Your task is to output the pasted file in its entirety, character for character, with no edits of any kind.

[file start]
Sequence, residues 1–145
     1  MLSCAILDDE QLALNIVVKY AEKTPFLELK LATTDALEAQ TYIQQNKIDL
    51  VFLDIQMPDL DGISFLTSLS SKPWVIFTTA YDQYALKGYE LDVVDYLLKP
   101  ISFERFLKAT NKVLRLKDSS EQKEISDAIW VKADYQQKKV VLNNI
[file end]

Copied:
Sequence, residues 1–145
     1  MLSCAILDDE QLALNIVVKY AEKTPFLELK LATTDALEAQ TYIQQNKIDL
    51  VFLDIQMPDL DGISFLTSLS SKPWVIFTTA YDQYALKGYE LDVVDYLLKP
   101  ISFERFLKAT NKVLRLKDSS EQKEISDAIW VKADYQQKKV VLNNI